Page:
Secondly, Pinterest has only had its new mobile apps available for about a month. In August, the company launched its new apps for Android, iPhone and iPad, which should only lead to more users, sales and brand engagement for brands. For that matter, Pinterest has only been available without an invitation for just over a month too. If it’s had this big of an impact on an invitation-only basis, it’s quite likely that we have yet to see Pinterest’s potential.
As I noted in a previous article, Pinterest’s growth and cross-platform compatibility could be just what the doctor ordered for e-commerce businesses looking to get more web traffic from social media, especially now that they have to pay Google to be listed in Google Shopping. There are various products coming out designed to get Pinterest users interested in, well, products.
ShopInterest, for example, is a DIY online shop for merchants to create pinboards of the stuff they sell.
Of course, RichRelevance’s data only represents one study. MarketingCharts does a little comparison, writing, “These findings appear to contrast with data released in July 2012 by Jirafe, reported by Forbes. According to that study, which examined the behavior of 89 million online shoppers who visited Jirafe’s clients’ 5,000 online stores in the past year, average order value (AOV) for traffic from Twitter and Facebook was far higher than for Pinterest traffic. In fact, traffic from Twitter (5.3x), Google (3.45x), Facebook (2.5x), and Bing (2.1x) all had AOV’s more than twice as large as traffic from Pinterest.”
“Methodological differences may explain the discrepancies,” MarketingCharts adds. “The Forbes article noted that Jirafe serves only a few of the top 500 online retailers, such that Pinterest data for these larger sites may be more positive. The RichRelevance data is also based on its client base – select US sites that have deployed its retail recommendation software. That study also includes only browser-based shopping sessions and does not include shopping that may originate from mobile application versions of the platforms. It is unclear how such sessions were treated by the Jirafe study.”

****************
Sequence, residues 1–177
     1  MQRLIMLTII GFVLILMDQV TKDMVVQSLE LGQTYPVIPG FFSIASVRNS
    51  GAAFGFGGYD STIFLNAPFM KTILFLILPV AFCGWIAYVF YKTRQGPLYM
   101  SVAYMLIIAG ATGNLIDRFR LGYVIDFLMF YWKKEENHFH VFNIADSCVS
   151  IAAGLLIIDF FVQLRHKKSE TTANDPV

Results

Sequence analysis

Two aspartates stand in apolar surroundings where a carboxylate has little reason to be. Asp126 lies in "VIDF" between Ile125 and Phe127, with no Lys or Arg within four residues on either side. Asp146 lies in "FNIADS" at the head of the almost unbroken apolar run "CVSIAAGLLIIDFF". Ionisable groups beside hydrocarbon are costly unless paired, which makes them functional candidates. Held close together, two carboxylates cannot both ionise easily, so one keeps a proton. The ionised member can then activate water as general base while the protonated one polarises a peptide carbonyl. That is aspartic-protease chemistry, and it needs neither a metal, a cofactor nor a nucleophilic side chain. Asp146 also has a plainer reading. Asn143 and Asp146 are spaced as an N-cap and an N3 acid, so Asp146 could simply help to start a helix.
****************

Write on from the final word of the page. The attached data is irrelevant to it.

In general, brands themselves are flocking to Pinterest. According to a recent study from SimplyMeasured, 51% of the top 100 global brands now have Pinterest accounts.
Pinterest has been expanding its category offerings, and I expect that this will continue, which should only open the door further for merchants. It already has its built-in “gifts,” feature, for product promotion, complete with price tags.
If you’re unfamiliar with this, it’s a drop-down menu at the top of the homepage, which lets users browse items by price range. Pinterest will include price if it’s in the description of the post. Shopify has a good post about this and other ecommerce tips, saying, “Every ecommerce store owner should make full use of this functionality!”
Shopify also suggests pinning other people’s products, and not just your own, not pinning every item you sell, linking to products “tastefully,” being visual with product photography, creating a re-pin board, and of course, getting followers. They suggest frequently posting Pinterest content to Facebook, Twitter, LinkedIn and Google+ streams, adding, “Remember to keep the focus of your posts on things that are visual appealing.”
Has your site seen a significant amount of Pinterest traffic? Do you have a Pinterest strategy in place? Let us know in the comments.